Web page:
Maximizing Packaging Biodegradability

The mailers we use to send our cozy clothes your way are made from 100% post-consumer recycled plastic, plus they’re 100% recyclable and biodegradable. We source them through Rudholm Group, a supplier committed to eco-friendly products.

You can recycle our mailers through regular soft plastic recycling streams, plus it biodegrades in an anaerobic environment (once buried or in water) within a much much shorter timeframe than virgin plastic — in about 2 to 3 years, according to our supplier. How? BDP™ is added during the manufacturing process.

BDP™ is an eco-friendly additive that attracts microbes that secrete enzymes. These enzymes combine with moisture in the environment to start forming a ‘film’ on the buried plastic. This ‘bio-film’, rich in microbes and moisture, starts breaking down the plastic and ‘digesting’ it. Basically, BDP™ is a catalyst and enhancer of the biodegradation process — what used to take hundreds of years now takes only a few years.

Once the plastics treated with BDP™ are broken down and digested by the microbes, all that’s left are biogas and humus. The bio gases can be collected for clean energy and the humus is just organic compost. We source our BDP™ additive through Change Plastic for Good. Because BDP™ biotechnology can be combined with recycled plastic, it’s allowed us to get closer to closing the loop on packaging circularity.

Why didn’t we go with compostable mailers? It’s a fair question. When we originally looked into packaging we explored compostable mailers, and discovered that they weren’t a very sustainable option. If these mailers aren’t thrown into a compost bin they wouldn’t biodegrade and they take an incredible amount of resources to produce. They can’t be recycled, but if they do end up in a recycling plant by accident they can damage the machinery.


Sustainable packaging mailers
Our recyclable and biodegradable mailers made from 100% post-consumer recycled plastic.


Using Recycled Products

All our hangtags, inserts and sleeves are made of FSC certified paper and the majority are FSC 100% recycled paper. We’ve recently introduced mailers made from 100% post-consumer recycled plastic that are 100% recyclable and biodegradable for shipments from our Distribution Center to customers.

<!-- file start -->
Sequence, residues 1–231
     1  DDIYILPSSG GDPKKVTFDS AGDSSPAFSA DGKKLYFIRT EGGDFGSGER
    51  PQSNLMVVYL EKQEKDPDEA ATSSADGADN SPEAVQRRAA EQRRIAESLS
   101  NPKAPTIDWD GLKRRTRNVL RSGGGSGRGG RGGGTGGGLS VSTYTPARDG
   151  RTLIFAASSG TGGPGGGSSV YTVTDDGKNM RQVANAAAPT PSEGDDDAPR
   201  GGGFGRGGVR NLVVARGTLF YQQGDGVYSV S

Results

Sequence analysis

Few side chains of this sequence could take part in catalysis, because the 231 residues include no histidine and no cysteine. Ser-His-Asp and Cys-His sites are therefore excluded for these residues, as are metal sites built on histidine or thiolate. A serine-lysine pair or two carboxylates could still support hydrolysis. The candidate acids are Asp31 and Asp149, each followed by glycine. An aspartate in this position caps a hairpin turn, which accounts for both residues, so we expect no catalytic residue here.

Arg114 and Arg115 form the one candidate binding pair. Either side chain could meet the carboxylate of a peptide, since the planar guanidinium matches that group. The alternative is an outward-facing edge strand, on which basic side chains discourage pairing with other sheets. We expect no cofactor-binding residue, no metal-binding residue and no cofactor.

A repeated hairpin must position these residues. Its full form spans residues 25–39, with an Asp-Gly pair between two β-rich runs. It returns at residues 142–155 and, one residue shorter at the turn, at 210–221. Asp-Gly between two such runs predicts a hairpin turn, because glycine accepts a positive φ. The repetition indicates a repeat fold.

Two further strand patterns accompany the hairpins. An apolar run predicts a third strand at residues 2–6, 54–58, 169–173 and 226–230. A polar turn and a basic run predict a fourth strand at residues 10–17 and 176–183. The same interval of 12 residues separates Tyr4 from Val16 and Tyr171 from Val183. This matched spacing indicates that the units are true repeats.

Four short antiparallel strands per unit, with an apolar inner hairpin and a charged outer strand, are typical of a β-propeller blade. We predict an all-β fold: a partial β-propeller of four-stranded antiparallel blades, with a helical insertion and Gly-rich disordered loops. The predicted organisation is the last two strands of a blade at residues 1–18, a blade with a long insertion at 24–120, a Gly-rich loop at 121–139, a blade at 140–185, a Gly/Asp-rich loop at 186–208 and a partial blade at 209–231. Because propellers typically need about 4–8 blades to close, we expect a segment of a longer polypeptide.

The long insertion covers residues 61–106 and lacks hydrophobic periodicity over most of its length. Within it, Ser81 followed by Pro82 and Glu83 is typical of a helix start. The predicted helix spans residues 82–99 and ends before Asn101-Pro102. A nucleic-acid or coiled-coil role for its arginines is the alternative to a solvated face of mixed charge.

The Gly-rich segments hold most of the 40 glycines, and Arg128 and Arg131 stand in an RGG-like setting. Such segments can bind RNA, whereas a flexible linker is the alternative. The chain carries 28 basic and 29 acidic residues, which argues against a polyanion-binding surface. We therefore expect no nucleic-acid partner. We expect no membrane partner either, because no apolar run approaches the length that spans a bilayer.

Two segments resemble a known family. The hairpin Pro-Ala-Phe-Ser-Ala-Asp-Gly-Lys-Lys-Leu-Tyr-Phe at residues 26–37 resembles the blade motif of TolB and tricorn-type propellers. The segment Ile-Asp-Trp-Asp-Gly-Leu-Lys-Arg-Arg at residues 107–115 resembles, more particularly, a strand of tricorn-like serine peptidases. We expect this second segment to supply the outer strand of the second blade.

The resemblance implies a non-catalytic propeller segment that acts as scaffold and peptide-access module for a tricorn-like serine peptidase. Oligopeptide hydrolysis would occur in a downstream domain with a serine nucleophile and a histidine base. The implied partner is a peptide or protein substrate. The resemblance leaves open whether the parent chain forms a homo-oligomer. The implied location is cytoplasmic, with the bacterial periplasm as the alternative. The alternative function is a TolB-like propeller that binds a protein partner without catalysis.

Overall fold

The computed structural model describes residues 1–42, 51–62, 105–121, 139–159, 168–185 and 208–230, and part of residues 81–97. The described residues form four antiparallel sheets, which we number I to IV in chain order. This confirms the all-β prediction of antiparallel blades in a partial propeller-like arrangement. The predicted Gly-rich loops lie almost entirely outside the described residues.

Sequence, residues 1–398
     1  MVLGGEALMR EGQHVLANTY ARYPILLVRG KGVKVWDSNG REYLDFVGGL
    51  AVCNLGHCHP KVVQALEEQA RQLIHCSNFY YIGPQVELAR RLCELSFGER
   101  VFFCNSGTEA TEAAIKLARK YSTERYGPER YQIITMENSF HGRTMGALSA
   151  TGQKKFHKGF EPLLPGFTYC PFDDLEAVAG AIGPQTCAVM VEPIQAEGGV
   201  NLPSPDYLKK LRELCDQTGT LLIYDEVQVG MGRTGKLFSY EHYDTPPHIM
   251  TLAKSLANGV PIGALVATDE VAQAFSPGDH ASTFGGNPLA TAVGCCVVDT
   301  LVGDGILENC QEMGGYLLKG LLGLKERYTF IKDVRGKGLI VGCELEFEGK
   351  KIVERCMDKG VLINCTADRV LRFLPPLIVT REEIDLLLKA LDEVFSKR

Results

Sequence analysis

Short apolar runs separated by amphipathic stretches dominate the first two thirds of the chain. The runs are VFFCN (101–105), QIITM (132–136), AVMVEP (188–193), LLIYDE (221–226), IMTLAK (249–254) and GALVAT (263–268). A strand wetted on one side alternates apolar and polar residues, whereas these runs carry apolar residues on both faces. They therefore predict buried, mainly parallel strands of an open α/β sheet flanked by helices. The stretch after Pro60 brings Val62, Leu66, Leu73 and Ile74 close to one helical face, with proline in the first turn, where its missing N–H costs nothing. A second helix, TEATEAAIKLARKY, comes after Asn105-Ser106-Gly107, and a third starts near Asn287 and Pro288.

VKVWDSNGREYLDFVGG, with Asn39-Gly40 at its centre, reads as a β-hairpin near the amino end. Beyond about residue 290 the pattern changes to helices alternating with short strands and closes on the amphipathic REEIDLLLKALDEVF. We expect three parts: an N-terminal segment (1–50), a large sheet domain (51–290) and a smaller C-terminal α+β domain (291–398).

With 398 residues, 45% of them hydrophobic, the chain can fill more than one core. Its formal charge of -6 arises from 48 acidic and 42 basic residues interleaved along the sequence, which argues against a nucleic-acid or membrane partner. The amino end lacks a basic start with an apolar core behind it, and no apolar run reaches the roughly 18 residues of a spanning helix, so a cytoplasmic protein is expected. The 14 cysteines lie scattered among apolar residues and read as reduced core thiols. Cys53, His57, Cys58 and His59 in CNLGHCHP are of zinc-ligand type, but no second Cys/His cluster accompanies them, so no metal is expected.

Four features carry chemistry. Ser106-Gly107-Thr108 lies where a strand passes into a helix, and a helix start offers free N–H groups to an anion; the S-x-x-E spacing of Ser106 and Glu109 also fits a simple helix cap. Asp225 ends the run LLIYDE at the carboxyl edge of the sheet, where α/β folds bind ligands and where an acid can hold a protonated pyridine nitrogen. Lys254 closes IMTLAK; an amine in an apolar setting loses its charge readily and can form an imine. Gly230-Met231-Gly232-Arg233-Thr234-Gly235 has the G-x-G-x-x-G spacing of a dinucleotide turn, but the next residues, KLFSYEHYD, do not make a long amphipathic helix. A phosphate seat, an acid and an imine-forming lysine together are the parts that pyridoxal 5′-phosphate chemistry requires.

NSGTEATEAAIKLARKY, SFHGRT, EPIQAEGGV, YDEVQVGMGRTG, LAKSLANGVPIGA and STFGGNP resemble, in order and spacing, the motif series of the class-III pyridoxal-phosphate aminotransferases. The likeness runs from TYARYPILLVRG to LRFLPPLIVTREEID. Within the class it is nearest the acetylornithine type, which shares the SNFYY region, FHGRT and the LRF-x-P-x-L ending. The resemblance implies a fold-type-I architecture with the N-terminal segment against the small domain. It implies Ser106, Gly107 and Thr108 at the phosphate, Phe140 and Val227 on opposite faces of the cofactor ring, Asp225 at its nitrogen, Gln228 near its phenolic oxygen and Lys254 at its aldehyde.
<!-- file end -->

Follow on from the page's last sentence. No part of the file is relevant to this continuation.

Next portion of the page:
Our hangtags made of 100% recycled FSC certified paper.


Minimizing Excess Transportation

We’ve chosen to partner with a packaging supplier that has production facilities in different parts of the world, specifically close to our key manufacturing areas. This way, we minimize the transportation between the sustainable packaging supplier and our facilities. For example, our hangtags for India production are made in India, and packaging from Turkey goes to our Turkish factories. Plus we offset all of our shipping emissions as part of our commitment to go carbon neutral as a company.

Always Looking To Improve

When it comes to operating Earth-First, we’re committed to continually evolving our processes to do better by the environment. Here are some areas that we’re intentionally working on for more eco-friendly solutions.

In our partnership with Prana, we’re working on finding better solutions to the small percentage of our goods that still require some protective packaging like light-coloured items or items that can easily crease. For these items, we currently use recyclable poly bags and are exploring either paper bags or a similar option as our mailers — 100% post-consumer recycled, recyclable and biodegradable poly bags.

Another item we’re looking to improve as part of the Responsible Packaging Movement is the carton liner. Even though these are recycled through soft plastic streams at our Distribution Center facilities, we’re seeing if we can source a 100% recycled content box liner that will still be recyclable to improve the overall impact.

The challenge here is that there are very few suppliers of those recycled liners around the world. If we were to mandate all our factories to use these liners, we would have to ship them across countries or continents to get to all of the factories we partner with. We’re assessing whether the impact of shipping these recycled liners is less than using locally-sourced, standard recyclable liners.


Want to learn more about our commitment to sustainable practices and ethical manufacturing? We’ve got you covered.